Fact Sheets


Linaria dalmatica (L.) Mill.

Family :

Famille :


Synonym(s) :

Synonyme(s) :

Antirrhinum dalmaticum L. (Vujnovic and Wein 1997; POWO 2022; Tropicos 2022; USDA-ARS 2022)

Linaria genistifolia (L.) Mill. subsp. dalmatica (L.) Marie and Petitmengin (Vujnovic and Wein 1997; POWO 2022; Tropicos 2022; USDA-ARS 2022)

Linaria dalmatica (L.) Mill. subsp. macedonica(Griseb.) D. A. Sutton (POWO 2022; USDA 2022)

Linaria macedonica Griseb. (POWO 2022; USDA 2022)


Common Name(s) :

Nom(s) commun(s) :

Dalmatian toadflax
(English) (GC 2016)
Linaire à feuilles larges (French) (GC 2016)
Broadleaf toadflax (English) (Vujnovic and Wein 1997; CABI 2022; USDA-ARS 2022)
Balkan toadflax (English) (CABI 2022; USDA-ARS 2022)
Dalmatiner leinkraut (German) (USDA-ARS 2022)
Jättesporre (Swedish) (CABI 2022; USDA-ARS 2022)


  • Dalmatian toadflax (Linaria dalmatica) seeds

  • Dalmatian toadflax (Linaria dalmatica) seeds

  • Dalmatian toadflax (Linaria dalmatica) seed

  • Dalmatian toadflax (Linaria dalmatica) seed showing bronze highlights

  • Dalmatian toadflax (Linaria dalmatica) immature seeds

  • Dalmatian toadflax (Linaria dalmatica) seed, cross-section

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Regulation :

Remarques Réglementation:

  • CFIA Weed Seeds Order - Class 2: Primary Noxious Weed Seeds
  • USA Federal Noxious Weed Seed List

Regulation Notes:

Distribution :

Répartition :

Linaria dalmatica is native to southeastern Europe and western Asia (Vujnovic and Wein 1997; USDA-ARS 2022). Introduced in North America, Argentina, South Africa, India, Australia, and beyond its native range in Europe (Austria, Belgium, Germany, Hungary, Italy, Norway, Switzerland and the United Kingdom) (CABI 2022). Occurs across Canada except for Nunavut, Northwest Territories, and Prince Edward Island (Brouillet et al. 2010+). It is noted as ephemeral in Newfoundland and Yukon.

Habitat and Crop Association :

Habitat et Cultures Associées :

Prefers coarse-textured soils in old fields, pastures, gardens, vineyards, forest plantations, roadsides, railway lines and other disturbed areas (Darbyshire 2003; CABI 2022). Persists in Medicago sativa (alfalfa) and summer fallow in North America (Vujnovic and Wein 1997). Invades sagebrush (Artemisia tridentata) and ponderosa pine (Pinus ponderosa) communities in the western United States (Vujnovic and Wein 1997). This species thrives in disturbed, coarse soils in semi-arid, cool climates (Sing et al. 2016).

Economic Use, cultivation area, and Weed Association :

Utilisation économique, zone de culture et association de mauvaises herbes :

Duration of Life Cycle :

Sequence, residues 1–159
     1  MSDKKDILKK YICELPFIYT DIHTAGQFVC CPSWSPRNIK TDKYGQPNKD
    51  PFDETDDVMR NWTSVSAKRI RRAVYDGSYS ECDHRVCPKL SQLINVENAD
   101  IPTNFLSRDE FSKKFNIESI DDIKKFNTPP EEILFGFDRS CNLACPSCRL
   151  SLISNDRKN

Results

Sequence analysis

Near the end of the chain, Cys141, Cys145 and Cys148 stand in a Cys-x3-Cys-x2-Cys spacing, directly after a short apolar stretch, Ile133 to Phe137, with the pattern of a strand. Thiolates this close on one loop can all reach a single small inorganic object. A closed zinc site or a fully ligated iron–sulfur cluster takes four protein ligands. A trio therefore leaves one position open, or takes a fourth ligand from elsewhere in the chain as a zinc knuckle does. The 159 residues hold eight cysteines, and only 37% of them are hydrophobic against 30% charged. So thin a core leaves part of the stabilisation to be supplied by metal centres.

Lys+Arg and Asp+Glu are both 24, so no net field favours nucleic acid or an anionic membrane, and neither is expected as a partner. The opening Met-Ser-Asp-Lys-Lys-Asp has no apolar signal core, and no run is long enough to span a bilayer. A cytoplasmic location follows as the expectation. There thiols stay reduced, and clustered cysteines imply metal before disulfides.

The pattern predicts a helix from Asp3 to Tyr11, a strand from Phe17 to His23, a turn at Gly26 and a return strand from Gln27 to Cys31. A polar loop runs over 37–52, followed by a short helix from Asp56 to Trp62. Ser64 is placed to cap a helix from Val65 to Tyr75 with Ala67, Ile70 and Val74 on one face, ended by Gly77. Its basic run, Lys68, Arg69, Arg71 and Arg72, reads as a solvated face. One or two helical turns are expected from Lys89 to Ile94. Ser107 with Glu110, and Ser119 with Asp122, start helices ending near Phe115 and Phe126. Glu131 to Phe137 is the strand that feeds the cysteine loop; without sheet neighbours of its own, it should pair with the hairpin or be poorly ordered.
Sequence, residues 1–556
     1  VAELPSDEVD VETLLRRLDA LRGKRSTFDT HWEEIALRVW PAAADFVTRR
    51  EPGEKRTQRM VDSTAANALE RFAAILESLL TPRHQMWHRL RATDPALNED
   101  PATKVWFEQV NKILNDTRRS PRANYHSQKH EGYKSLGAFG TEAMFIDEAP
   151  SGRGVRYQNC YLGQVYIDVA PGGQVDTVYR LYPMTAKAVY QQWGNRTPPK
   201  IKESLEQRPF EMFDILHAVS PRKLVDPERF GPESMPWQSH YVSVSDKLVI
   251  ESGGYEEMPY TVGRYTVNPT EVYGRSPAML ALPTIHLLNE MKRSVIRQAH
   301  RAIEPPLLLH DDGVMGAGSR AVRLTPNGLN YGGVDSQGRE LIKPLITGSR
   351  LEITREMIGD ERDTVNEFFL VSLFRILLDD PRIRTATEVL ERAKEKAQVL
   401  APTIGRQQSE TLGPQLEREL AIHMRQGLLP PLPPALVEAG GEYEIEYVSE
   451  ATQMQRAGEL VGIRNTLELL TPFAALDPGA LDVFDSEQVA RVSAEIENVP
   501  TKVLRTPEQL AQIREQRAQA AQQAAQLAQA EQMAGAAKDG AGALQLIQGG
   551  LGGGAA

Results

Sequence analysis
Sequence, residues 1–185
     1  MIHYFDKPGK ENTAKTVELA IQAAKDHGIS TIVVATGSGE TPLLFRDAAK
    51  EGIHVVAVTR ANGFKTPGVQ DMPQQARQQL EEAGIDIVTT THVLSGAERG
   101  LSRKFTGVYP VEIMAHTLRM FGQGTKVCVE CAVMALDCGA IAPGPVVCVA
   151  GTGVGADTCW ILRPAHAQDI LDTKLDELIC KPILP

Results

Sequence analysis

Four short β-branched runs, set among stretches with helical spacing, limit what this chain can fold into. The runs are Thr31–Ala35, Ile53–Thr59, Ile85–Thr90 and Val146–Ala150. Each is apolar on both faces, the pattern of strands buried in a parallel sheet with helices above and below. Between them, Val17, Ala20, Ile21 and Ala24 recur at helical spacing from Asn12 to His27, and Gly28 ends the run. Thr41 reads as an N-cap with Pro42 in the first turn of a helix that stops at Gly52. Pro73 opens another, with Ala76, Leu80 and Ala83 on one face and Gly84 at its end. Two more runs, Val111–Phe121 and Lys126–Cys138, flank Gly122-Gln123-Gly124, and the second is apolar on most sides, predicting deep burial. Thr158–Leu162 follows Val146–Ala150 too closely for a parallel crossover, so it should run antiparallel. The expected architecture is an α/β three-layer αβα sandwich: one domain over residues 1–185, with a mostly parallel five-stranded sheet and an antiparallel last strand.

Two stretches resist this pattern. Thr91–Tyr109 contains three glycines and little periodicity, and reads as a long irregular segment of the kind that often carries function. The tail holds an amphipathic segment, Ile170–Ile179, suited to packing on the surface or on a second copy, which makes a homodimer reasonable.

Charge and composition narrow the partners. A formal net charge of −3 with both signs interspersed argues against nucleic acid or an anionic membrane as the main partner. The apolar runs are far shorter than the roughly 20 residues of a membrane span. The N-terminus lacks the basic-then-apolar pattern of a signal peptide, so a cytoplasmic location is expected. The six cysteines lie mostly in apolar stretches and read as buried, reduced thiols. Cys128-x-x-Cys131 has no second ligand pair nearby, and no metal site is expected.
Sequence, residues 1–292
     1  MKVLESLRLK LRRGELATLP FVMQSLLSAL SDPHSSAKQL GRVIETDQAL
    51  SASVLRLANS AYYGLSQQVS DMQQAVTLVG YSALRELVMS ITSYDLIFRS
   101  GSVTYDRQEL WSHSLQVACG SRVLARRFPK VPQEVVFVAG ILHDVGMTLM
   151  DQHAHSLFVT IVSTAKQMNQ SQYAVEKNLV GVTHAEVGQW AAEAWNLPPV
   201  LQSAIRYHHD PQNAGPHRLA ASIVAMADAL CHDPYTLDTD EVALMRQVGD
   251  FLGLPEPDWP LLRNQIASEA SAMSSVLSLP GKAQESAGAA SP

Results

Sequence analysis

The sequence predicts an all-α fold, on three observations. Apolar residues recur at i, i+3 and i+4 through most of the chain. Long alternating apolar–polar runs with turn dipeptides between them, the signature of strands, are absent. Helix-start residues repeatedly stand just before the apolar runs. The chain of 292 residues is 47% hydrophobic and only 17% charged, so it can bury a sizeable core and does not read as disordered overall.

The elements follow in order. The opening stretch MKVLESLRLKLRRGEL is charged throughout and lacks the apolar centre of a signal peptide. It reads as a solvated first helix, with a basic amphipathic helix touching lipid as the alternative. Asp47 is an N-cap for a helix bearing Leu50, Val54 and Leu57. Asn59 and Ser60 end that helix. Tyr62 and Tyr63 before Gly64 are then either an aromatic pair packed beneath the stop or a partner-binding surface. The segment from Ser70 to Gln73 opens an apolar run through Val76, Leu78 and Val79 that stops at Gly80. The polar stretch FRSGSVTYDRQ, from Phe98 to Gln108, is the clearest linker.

Durée du cycle vital:


Dispersal Unit Type :

Type d’unité de dispersion :


General Information


Linaria dalmatica was introduced into North America in the late 19th century as an ornamental (Vujnovic and Wein 1997), and disposal of garden plants is believed to be the main source of invasion into other disturbed areas (CABI 2022).

The species can reproduce through both seeds and by sprouting from underground roots. Seed capsules are estimated to contain 60-300 seeds (Sing et al. 2016). A plant with 12-15 stems has been estimated to produce up to 400,000 seeds (Vujnovic and Wein 1997). Seeds fall from the open capsules, near the parent plant, and can be dispersed further by wind and grazing mammals (Vujnovic and Wein 1997).

Seeds were found to have strong dormancy when freshly shed, germination increased for 5-6 weeks after dispersal (Vujnovic and Wein 1997). Seeds remained viable for up to 10 years when stored in field conditions (Vujnovic and Wein 1997).

L. dalmatica plants can grow shoots from underground, lateral shoots, and these clonal plants can give a competitive advantage, especially since the patch is generally avoided by grazers (Vujnovic and Wein 1997). Plants can sprout from rhizomes that extend up to 3 meters away, and from root fragments as small as 1 cm (Sing et al. 2016). Individual plants generally live for 4 years, and clonal patches of 1.5 metres have been measured (Vujnovic and Wein 1997).

This species can form fertile hybrids with L. vulgaris (named L. x hybrida Schur) and these hybrids have been found in five states in the western United States (FNA 1993+; Sing et al. 2016). Leaf, flower and seed features of these hybrids may favour one of the parent species, or be intermediate between the species (Sing et al. 2016). There are also reported hybrids with L. genistifolia in a laboratory setting (Vujnovic and Wein 1997).



Linaria dalmatica infestation (Eric Coombs, Oregon Department of Agriculture, Bugwood.org)



  • Capsule


    • Capsule length: 4-10 mm; width: 4-8 mm (FNA 1993+, Vujnovic and Wein 1997)
    • Capsule length: 0.5 – 1.0 cm; width 0.5 – 0.75 cm (Sing et al. 2016)


    • Capsule is globose or oval shaped (Vujnovic and Wein 1997)

    Surface Texture

    • Capsule surface is smooth


    • Capsule is straw-yellow coloured
  • Seed


    • Seed length*: 1.1 – 1.6 mm; width: 0.7 -1.1 mm
    *Note: minimum and maximum of 10 seeds in a normal range of this species using image measurement (ISMA 2020)

    From additional sources:

    • Seed length: 1– 2 mm; width: 0.8 -1.6 mm (FNA 1993+)
    • Seed width: 0.7 -1.3 mm (Vujnovic and Wein 1997)


    • Seeds polygonal with generally three or four sides, they appear oval, wedge-shaped, trigonous or D-shaped in 2 dimensions

    Surface Texture

    • Seed faces densely covered with irregular ridges